'This morning, about eight o'clock, we passed a considerable village, Leeu Chin, which has a melancholy history. A body of the Tai-pings, some 2000 of them, were enclosed in it by the Mongol prince Sang Ko-lin-sin, who surrounded it by a mound on each side of the grand canal. They had no boats to escape by the water, and they would not force the wall within which they were enclosed. They were kept there for nine months, till all supplies of food failed them, and they ate one another; and at last the emaciated wretches who remained were all slaughtered—not one escaped.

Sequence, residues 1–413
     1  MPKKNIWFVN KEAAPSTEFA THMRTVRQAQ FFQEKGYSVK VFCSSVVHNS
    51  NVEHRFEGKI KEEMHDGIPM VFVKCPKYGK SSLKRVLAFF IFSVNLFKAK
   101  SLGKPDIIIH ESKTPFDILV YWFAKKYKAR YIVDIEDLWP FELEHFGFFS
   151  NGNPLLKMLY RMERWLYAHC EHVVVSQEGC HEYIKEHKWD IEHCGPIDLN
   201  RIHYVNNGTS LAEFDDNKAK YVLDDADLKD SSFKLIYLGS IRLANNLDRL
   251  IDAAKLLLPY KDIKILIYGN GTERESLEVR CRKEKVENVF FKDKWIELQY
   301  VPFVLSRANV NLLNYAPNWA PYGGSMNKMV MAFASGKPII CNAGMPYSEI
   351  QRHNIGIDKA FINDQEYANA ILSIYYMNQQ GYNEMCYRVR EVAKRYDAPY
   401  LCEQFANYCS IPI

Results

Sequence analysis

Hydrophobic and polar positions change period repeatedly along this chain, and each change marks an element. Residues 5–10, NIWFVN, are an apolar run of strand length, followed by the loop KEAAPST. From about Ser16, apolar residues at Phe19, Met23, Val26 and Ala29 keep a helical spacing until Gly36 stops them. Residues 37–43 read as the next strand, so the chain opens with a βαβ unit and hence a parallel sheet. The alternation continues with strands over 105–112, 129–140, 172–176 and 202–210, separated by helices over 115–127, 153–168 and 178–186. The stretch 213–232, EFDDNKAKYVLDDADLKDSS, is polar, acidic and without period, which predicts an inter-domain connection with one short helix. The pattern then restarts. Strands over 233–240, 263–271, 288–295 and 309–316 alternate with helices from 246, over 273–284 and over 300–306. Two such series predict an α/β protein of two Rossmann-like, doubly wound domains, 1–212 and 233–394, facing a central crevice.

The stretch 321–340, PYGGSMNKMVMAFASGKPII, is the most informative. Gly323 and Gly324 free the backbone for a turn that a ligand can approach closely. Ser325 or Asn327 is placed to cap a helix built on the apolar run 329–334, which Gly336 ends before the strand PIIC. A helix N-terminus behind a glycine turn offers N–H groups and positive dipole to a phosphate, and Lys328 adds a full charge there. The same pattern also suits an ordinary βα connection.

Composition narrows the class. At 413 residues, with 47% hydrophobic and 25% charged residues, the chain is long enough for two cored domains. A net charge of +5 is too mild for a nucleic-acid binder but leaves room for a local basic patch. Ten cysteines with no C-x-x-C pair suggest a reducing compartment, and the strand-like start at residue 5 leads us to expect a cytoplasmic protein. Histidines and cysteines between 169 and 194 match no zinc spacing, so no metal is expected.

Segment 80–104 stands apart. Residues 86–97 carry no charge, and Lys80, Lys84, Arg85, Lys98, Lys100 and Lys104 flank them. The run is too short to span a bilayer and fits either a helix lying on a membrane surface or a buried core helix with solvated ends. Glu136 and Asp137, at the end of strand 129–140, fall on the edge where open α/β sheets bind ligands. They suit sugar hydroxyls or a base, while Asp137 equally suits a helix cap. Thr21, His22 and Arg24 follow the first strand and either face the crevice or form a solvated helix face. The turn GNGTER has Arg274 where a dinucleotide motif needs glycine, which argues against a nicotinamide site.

'Let me try to give you some idea of how we get on as to our way of living, and some other matters. I have a mattress which just fits into the bottom of the cart; but at the back of the vehicle is a box of stores, my travelling-bag, and a bundle of wraps, a canister of tea, and other odds and ends; against these leans the mattress, which thus supports my back. On the front part of it, moreover, is my double blanket, folded so as to cover up on both sides as a buffer between my knees and the hard sides of the cart. On it I sit, and have my rug by me besides, which I find useful as a protection from the sharp air of the morning, and from the sun later on in the day as his rays blaze on my protruding legs. My portmanteau is strapped on the cart behind, outside. When we come to a halt for the night, all the baggage is carried inside, and my first business is to lay my rug on the kang or bedstead ; over it the mattress, and then my blanket That has never yet been too warm. Well, we are stirring always about five o'clock, and the landlord brings in a kettle of boiling water. I make some milk from a tin of the condensed article, and we have a cup of tea and a biscuit, and start. On we go, till about two o'clock, for the most part with nothing to eat unless we buy something by the way, which we generally do; sometimes it is a sweet potato or two, but more often some bread, and very good wheaten bread can be bought.